Keith Jardine UFC’>
(Listen, buddy: win first, skanks later.)
As promised yesterday — here are the final picks I’m making for my ipecac bet with Ryan of Fightlinker. Will they be enough for me to avoid vomity humiliation? Well, Ryan has mentioned that he’s predicting Wanderlei Silva and Tito Ortiz will win their bouts, and I don’t see the rest of his choices being any less duhtarded. We’ll be scoring this on the three-point system: one point for calling the winning fighter, and additional points for correctly calling the method of victory (one point) and round (one point). How fun! My picks are below; feel free to debate them in the comments section. — Ben G.
B.J. Penn def. Sean Sherk via submission, 3rd round : I went over this in my UFC 84 gambling guide. Fowlkes made some good points yesterday, but I still think Sherk is going out like Joe Stevenson, with a bloody face and an arm around his neck. Just because Sherk’s two losses didn’t come via submission doesn’t mean that he’s unsubmittable, especially against someone as talented as Penn.
Keith Jardine def. Wanderlei Silva via decision: I also went over this in the gambling guide. (By the way, if you want to see a short video version of me making those exact same points, check out this clip from CombatWire.com.) Jardine was able to outsmart Chuck Liddell when they fought, and Wanderlei Silva is basically a dumber version of Chuck. I think the most logical pick is another decision win for Jardine.
Wilson Gouveia def. Lyoto Machida def. Tito Ortiz via decision: Machida isn’t a fight-finisher, and unless he’s in the cage with Ken Shamrock, Tito really isn’t either. But Machida is far more well-rounded, and his tendency to take his opponents out of their rhythm is well-documented. I’m very confident that Machida will win, and he could easily do it via TKO or submission, but given the recent fight histories of these two, a decision feels likely.
Thiago Silva def. Antonio Mendes via KO/TKO, 2nd round: Undefeated record + UFC experience + ATT = a total lock. Eight of Thiago Silva’s 12 wins have come via first-round stoppage; ten come via KO/TKO. The only advantage that Brazilian UFC newcomer Antonio Mendes has is that he’s 3-0 against guys named Silva. He is a hard-ass, though, and I don’t foresee a steamrolling. I say Mendes gets through round one, shaken but not quite out.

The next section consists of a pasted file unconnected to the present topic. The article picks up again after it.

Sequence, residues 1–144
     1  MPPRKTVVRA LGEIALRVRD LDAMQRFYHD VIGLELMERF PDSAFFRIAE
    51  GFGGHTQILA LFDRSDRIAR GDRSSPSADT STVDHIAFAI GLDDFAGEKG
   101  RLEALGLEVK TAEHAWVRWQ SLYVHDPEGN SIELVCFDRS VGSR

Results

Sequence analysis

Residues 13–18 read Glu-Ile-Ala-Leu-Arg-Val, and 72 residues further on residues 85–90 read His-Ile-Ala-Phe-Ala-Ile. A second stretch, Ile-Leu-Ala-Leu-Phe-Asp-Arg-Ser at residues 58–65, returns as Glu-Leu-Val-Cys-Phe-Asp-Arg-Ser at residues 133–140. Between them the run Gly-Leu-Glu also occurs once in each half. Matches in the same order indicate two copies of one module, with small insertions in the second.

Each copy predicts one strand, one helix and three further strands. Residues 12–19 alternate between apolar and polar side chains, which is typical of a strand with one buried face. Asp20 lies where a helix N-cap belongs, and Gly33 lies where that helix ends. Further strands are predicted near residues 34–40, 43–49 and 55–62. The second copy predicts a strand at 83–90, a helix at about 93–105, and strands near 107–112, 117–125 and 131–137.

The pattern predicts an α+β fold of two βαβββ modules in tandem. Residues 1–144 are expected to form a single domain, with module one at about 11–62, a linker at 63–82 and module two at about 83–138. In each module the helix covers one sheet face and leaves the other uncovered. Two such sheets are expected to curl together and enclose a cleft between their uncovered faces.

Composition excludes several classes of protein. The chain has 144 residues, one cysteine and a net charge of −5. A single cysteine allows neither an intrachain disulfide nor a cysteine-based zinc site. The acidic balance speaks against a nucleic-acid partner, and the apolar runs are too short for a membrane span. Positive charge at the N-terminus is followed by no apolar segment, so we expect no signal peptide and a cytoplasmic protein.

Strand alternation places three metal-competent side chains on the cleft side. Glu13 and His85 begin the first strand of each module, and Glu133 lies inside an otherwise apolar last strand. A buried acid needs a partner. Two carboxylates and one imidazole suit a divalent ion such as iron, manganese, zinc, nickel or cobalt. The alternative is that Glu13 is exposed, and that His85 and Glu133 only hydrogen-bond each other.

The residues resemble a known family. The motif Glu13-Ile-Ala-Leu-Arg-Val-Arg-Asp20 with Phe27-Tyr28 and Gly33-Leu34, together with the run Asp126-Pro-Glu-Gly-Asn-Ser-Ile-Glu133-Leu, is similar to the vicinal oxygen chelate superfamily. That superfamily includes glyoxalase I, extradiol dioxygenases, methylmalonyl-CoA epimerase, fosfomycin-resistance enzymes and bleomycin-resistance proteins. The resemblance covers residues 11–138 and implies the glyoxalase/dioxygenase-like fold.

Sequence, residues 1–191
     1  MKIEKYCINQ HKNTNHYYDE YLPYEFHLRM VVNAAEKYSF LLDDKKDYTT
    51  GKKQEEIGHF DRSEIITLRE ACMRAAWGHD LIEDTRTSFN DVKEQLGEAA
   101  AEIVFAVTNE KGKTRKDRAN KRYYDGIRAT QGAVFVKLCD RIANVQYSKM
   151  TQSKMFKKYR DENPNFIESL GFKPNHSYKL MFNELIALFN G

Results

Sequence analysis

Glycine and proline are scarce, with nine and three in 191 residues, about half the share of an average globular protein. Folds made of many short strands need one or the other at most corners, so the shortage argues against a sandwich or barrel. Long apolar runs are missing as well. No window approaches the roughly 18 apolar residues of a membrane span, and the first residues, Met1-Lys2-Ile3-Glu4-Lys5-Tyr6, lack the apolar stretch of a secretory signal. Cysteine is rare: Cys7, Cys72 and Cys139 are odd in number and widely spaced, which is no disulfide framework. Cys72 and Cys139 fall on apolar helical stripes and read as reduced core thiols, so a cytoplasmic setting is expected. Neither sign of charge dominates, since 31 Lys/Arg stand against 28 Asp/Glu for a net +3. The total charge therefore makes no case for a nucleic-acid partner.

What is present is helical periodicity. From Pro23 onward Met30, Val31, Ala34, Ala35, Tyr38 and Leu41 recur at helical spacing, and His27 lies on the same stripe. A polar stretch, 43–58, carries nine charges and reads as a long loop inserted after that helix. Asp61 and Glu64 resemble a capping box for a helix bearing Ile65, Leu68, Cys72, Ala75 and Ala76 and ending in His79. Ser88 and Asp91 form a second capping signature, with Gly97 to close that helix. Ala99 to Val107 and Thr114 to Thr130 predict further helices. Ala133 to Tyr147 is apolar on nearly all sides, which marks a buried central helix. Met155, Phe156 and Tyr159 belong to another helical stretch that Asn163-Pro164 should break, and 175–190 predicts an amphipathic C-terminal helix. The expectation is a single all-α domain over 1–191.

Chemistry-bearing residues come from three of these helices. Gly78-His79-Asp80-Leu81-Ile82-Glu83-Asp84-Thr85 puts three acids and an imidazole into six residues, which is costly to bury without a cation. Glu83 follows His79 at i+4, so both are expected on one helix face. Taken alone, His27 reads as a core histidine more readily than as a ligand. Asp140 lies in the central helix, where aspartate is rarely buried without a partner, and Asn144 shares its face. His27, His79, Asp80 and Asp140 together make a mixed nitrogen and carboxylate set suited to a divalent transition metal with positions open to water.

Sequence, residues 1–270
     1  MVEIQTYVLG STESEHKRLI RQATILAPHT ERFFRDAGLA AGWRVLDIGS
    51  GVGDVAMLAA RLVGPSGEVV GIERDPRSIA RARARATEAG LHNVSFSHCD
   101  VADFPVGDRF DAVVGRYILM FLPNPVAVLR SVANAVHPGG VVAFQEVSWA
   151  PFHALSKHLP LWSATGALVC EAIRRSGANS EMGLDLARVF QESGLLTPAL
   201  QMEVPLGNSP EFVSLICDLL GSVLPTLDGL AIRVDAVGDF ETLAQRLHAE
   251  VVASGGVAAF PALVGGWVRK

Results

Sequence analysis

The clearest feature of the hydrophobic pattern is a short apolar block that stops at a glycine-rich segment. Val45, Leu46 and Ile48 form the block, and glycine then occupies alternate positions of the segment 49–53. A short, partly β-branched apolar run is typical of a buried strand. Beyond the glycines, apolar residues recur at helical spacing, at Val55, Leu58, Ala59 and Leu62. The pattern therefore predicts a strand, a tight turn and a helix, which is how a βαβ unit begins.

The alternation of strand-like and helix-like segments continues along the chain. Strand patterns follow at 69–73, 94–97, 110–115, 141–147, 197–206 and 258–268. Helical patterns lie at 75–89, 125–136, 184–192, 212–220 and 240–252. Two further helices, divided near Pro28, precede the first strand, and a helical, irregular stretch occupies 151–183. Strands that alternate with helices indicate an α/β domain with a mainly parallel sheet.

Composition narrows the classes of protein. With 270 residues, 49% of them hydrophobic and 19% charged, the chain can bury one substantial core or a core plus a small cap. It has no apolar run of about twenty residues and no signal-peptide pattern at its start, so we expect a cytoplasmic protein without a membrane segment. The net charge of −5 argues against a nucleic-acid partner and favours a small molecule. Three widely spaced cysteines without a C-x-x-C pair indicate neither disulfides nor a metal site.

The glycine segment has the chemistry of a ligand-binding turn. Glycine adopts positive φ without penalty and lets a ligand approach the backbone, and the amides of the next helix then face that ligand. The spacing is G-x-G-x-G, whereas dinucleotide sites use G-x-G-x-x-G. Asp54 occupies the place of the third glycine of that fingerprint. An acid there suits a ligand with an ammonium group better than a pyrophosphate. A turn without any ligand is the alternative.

As for the undercard…
Rousimar Palhares def. Ivan Salaverry via decision: One of several undercard matches that could go either way. Palhares is young and promising, but still unproven. Salaverry is a battle-tested veteran, but he’s only fought twice in the last two years, and hasn’t won in the Octagon since UFC 52. I may regret this later, but I think Salaverry’s time has passed, and the younger fighter on the come-up will edge him out.
Rameau Thierry Sokoudjou def. Kazuhiro Nakamura via KO/TKO, 2nd round: Both fighters are judokas who lost their Octagon debuts to Lyoto Machida. But even though Nakamura decisioned guys like Murilo Bustamante, Kevin Randleman, and Igor Vovchanchyn in PRIDE, I think Sokoudjou’s strength, size, and knockout power will be way too much for KazNak to handle. Fightlinker has a rule: Don’t bet on the Asian guy. I’m just saying…
Rich Clementi def. Terry Etim via decision: Etim (10-1) is a British submission specialist who lost the first time he stepped into the cage with someone halfway decent (Gleison Tibau). Clementi is an Octagon regular on a five-fight win streak. I’d guess that Clementi’s experience and momentum will carry him over, but it’s hard to predict how he’ll win, so I’ll say it’ll go to the judges, just like “No Love”‘s last fight (a win against Sam Stout) and Etim’s last fight (a loss to Tibau).
Yoshiyuki Yoshida def. Jon Koppenhaver via KO/TKO, 3rd round: Another tough one to call. On paper, Yoshida is a much more seasoned fighter than War Machine, and his last two wins came against very credible opponents (Akira Kikuchi and Dan Hardy). On the other hand, he’s never been in the Octagon before, and the curse that besets Asian fighters in the UFC presents a double-whammy. On the other other hand, Jon Koppenhaver hasn’t accomplished anything in this sport yet besides coming out on top of Jared Rollins in their bash-fest last December. Superstitions are powerful, but Yoshida should really be able to win this. Damn it, this makes me nervous…
Dong-Hyun Kim def. Jason Tan via KO/TKO, 2nd round: Okay, the Asian-curse thing really doesn’t apply here. Kim is one of the most promising fighters coming out of Korea. He’s unusually large for a welterweight, trains with Yushin Okami, and has won four of his last five matches by knockout. Sure, he’s a UFC first-timer, but his opponent’s sole Octagon appearance involved him getting KTFO by Marcus Davis at UFC 72. Tan’s 5-2 record doesn’t even justify him fighting in the UFC. Expect his contract to be terminated after this one.
Shane Carwin def. Christian Wellisch via KO/TKO, 1st round: Shane Carwin is the scariest man in the world (more on him tomorrow), and Christian Wellisch, who will be at a 30+ pound size disadvantage, is just a speedbump. It was nice knowing you, buddy.